"Comic book writer Harvey Pekar, whose American Splendor was made into a 2003 film starring Paul Giammati, has died," reports the Boston Globe's Steve Greenlee. "He was 70."
"Pekar was a VA hospital file clerk, an obsessive-compulsive who grappled with loneliness and anxiety," blogs Sean P Means of the Salt Lake Tribune. "He channeled those feelings into writing, inspired by his friend R Crumb (who then lived in Cleveland, working in a greeting-card company while working on his art) to write a comic book. Crumb illustrated the first American Splendor strips in 1972, and contributed to Pekar's first full-fledged books, which he began publishing in 1976. 'He's the soul of Cleveland,' Crumb told The Plain Dealer in a 1994 interview. 'He's passionate and articulate. He's grim. He's Jewish. I appreciate the way he embraces all that darkness.'"
"American Splendor carried the subtitle, 'From Off the Streets of Cleveland,' and just like Superman, the other comic book hero born in Cleveland, Pekar wore something of a disguise," writes Joanna Conners in the Plain Dealer. "He never stepped into a phone booth to change, but underneath his persona of aggravated, disaffected file clerk, he was an erudite book and jazz critic, and a writer of short stories that many observers compared to Chekhov, despite their comic-book form."
"Let's just say that the Perpetual Misery of Cleveland has been in the news again lately, and acknowledge that no one was better at a) articulating it and b) rising above it than Harvey Pekar," blogs Rob Harvilla. "Ed Park's 2003 Voice feature/semi-interview tied to the film gets at how Pekar made his own unappealingness so appealing: 'It's a song of himself he's performed over the past 27 years, and it's a self laden with the techniques and inner-directed impulses of the most exacting of modern authors: self-pity and self-loathing, self-criticism and self-reference, self-consciousness above all.'... There's a flood of work to go back and explore now, but perhaps the simplest introduction to him remains his infamously dour David Letterman appearances, Grouch vs Grouch."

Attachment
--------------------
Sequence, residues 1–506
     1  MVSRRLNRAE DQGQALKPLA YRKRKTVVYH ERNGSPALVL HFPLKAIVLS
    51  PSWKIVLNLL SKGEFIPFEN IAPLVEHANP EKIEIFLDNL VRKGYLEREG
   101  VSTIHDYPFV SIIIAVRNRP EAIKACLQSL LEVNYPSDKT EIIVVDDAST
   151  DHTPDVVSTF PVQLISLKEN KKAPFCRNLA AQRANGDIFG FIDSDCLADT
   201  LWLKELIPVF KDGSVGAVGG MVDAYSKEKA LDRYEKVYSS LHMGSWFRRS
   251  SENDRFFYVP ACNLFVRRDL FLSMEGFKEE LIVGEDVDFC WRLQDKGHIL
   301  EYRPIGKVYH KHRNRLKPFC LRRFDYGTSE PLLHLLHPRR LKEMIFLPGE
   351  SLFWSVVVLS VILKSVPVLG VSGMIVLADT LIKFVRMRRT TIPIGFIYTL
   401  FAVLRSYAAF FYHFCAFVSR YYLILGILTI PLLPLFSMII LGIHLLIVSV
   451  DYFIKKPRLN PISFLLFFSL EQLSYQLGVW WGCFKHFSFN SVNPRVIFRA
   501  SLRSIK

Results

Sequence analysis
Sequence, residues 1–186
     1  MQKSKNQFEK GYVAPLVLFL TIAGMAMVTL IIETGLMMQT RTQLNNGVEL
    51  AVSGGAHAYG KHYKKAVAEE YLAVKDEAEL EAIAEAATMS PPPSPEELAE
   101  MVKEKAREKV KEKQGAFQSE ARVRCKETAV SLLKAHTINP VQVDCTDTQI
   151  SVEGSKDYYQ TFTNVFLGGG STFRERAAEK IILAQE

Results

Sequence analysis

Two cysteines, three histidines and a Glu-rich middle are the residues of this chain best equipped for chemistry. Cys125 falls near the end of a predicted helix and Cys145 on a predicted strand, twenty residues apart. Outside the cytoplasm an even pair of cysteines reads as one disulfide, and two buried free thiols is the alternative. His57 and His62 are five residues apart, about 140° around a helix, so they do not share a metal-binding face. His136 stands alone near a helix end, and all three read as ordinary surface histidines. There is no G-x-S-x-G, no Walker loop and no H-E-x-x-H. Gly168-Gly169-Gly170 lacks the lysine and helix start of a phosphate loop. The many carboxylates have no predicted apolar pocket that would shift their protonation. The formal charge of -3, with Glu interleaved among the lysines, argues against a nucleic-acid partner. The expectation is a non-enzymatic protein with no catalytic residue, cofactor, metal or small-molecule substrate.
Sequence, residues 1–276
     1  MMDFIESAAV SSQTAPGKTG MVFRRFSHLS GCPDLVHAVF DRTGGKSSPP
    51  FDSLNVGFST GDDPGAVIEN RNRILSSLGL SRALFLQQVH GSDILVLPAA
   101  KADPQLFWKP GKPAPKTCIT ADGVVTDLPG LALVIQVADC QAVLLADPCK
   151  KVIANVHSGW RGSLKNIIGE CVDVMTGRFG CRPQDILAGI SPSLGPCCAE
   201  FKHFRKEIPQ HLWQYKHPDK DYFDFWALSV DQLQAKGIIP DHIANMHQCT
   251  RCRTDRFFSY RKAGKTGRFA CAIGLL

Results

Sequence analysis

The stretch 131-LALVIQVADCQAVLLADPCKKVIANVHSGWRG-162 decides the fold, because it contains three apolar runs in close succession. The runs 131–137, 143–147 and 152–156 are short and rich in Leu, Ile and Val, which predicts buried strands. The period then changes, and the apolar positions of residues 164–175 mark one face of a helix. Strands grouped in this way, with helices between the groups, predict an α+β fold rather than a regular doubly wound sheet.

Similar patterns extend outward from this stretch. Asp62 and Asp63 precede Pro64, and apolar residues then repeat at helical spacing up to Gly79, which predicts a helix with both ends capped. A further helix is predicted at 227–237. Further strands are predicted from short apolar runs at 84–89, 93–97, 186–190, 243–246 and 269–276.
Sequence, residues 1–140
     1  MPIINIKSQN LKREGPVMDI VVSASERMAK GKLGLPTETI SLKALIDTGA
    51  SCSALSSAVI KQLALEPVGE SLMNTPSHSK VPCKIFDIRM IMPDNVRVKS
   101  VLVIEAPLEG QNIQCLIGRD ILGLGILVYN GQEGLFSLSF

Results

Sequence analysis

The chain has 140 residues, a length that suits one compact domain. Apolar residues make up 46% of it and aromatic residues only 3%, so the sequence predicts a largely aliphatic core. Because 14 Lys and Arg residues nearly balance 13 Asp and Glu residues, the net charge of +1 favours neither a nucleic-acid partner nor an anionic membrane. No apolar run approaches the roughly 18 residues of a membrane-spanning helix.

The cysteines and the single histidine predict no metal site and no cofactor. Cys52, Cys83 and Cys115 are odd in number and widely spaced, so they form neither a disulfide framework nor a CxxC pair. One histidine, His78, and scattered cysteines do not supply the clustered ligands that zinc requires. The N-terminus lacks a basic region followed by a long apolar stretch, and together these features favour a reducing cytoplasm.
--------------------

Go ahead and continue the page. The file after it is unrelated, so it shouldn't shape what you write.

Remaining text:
See also: The Wikipedia entry and an archive of Pekar's jazz reviews for the Austin Chronicle. Viewing: Cargo co-editor Ekkehard Knörer posts a 26-minute interview from WPSU.
Updates: Ed Champion "was lucky enough to talk with Pekar very early into The Bat Segundo Show. I was new at this interviewing business at the time, but I did ask the man why he continued to use the 'STRAIGHT OUT OF CLEVELAND!' line for so long during the American Splendor run. And he told me that he had always intended this declaration as an alternative to superheroes. And indeed, why bask in nothing more than spandex-soaked chronicles when the real world has never had to retcon its glaring realities? A comics world without a new Harvey Pekar volume every year will be a much sadder place. For Pekar wasn’t just some gloomy guy. He was a committed cultural chronicler."
"Pekar once wrote that we'd all understand a lot more about the history of the world if we stopped memorizing the succession of kings and focused more on how the farmers, blacksmiths and shopkeepers lived," writes Noel Murray at the AV Club. "In recent years, some have pointed to Pekar as a proto-blogger, but there was an often-unrecognized element of idealism to what Pekar was doing. He believed he was recording not just his life, but everyday American life in the late 20th century, as an alternative to future history books that might document presidential scandals but not — as they should — what a good bag of potato chips tasted like in 1978."